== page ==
China developing, arming manmade isles—US report
WASHINGTON—China has reclaimed more than 1,295 hectares of land in the southeastern South China Sea. But the country’s focus has shifted to developing and arming those manmade islands to give it greater control over the maritime region without having to resort to armed conflict, according to a new Pentagon report.
In its most detailed assessment to date of China’s island-building program, the Department of Defense said three of the land features on the Spratly islands now had nearly 10,000-foot runways and large ports in various stages of construction.
And China has excavated deep channels, created and dredged harbors, and constructed communications, logistics and intelligence-gathering facilities.
The report argued that the accelerated building effort did not give China any new territorial rights. But it said that the airfields, ship facilities, and surveillance and weapons equipment would allow China to significantly enhance its long-term presence in the South China Sea.
“This would improve China’s ability to detect and challenge activities by rival claimants or third parties, widen the range of capabilities available to it, and reduce the time required to deploy them,” the report released on Friday said.
Chinese officials have defended the land reclamation by saying they are Beijing’s territory, adding that the buildings and infrastructure were for public service use and to support fishermen. It accused the Philippines, Vietnam and other countries of carrying out their own building work on other islands.
“China is using coercive tactics short of armed conflict, such as the use of law enforcement vessels to enforce maritime claims, to advance their interests in ways that calculated to fall below the threshold of provoking conflict,” the report said.
The 1,295 ha only represents China’s reclamation in the Spratlys and does not include its building in the Paracels, further northwest, including the contested Woody Island, in its estimates. China has deployed antiaircraft missiles to Woody Island, which is also claimed by Vietnam and Taiwan.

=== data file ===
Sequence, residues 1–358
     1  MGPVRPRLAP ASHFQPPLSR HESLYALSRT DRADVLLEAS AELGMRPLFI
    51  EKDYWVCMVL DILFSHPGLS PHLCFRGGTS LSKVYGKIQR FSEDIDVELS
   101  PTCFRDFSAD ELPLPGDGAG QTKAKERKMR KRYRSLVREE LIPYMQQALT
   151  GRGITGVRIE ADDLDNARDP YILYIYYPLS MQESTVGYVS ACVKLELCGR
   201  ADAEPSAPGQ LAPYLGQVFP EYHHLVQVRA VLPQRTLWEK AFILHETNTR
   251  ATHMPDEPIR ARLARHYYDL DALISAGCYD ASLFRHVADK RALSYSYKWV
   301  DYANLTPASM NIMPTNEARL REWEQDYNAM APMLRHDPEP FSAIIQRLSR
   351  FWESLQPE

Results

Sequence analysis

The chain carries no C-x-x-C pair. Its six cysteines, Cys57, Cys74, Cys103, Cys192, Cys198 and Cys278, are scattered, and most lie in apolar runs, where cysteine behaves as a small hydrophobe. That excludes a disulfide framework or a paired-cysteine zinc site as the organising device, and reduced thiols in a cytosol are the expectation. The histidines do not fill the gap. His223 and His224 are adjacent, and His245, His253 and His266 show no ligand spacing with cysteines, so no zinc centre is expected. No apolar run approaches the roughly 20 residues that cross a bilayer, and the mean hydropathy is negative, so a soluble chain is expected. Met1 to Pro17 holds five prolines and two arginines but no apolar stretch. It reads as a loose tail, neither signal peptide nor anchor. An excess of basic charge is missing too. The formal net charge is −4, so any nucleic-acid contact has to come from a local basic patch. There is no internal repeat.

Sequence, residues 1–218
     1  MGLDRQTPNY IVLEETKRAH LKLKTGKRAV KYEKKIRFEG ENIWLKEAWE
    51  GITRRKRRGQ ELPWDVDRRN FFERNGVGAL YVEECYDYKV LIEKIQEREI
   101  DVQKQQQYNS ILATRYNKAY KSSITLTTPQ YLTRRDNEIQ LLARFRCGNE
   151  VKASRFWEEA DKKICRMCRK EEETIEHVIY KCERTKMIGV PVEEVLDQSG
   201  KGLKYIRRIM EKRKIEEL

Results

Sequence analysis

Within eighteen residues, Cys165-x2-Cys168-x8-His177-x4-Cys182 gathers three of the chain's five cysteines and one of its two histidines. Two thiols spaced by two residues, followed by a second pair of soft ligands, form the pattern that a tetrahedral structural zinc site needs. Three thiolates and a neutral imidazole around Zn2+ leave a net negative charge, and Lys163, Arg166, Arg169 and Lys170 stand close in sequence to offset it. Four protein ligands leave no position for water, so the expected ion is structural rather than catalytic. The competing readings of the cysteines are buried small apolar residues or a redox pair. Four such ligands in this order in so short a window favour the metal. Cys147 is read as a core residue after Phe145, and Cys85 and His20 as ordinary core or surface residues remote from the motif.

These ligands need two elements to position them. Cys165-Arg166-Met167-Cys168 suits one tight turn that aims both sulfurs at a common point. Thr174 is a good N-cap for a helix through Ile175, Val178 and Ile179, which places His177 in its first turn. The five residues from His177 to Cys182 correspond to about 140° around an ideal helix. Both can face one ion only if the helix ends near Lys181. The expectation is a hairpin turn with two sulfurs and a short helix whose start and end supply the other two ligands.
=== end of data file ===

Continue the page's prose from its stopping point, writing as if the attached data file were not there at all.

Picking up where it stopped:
The Pentagon declined to release details on the amount of increased reclamation in the Paracels or to provide a more concrete estimate of the increase in building in the Spratly islands, to some of which the Philippines has claims.
The report also noted that China had continued to assert sovereignty over the East China Sea, including the Senkaku Islands, which are administered by Japan.
Vietnam, China and Taiwan all claim the Paracels, and the three along with the Philippines, Malaysia and Brunei claim all or parts of the Spratlys. The United States said it takes no sides in the territorial disputes, but supports freedom of passage through the region, which is one of the world’s busiest and richest sea lanes.
China’s island building, the report concluded, is designed to walk right up to—but not cross—“the threshold of provoking the United States, its allies and partners, or others in the Asia Pacific region into open conflict.”
More broadly, the report said that China was steadily increasing its role and power around the world, while continuing to modernize and build up its military and inventory of ships, missiles and aircraft.
Specifically, it noted China’s plans to build its first overseas military facility in Djibouti to support its naval operations in the region.
The report also repeats assertions made by Defense Secretary Ash Carter that continued provocation by China may only improve US relations in the Asia Pacific.
“China’s increasingly assertive efforts to advance its national sovereignty and territorial claims, its forceful rhetoric, and lack of transparency about its growing military capabilities and strategic decision-making continue to raise tensions and have caused countries in the region to enhance their ties with the United States,” the report said.
US officials have been increasingly concerned China’s activities could be a prelude to enforcing a possible air defense identification zone over the South China Sea, similar to one it declared over disputed Japanese-held islands in the East China Sea in 2013.
As noted in previous year’s reports, China continues to target US government and defense department computer systems through cyber intrusions. The report said that in 2015, China used its cyber capabilities to spy on the United States and steal information from computer networks.
“The information targeted could potentially be used to benefit China’s defense industry, high technology industries, and provide the CCP insights into US leadership perspectives on key China issues,” the report said.
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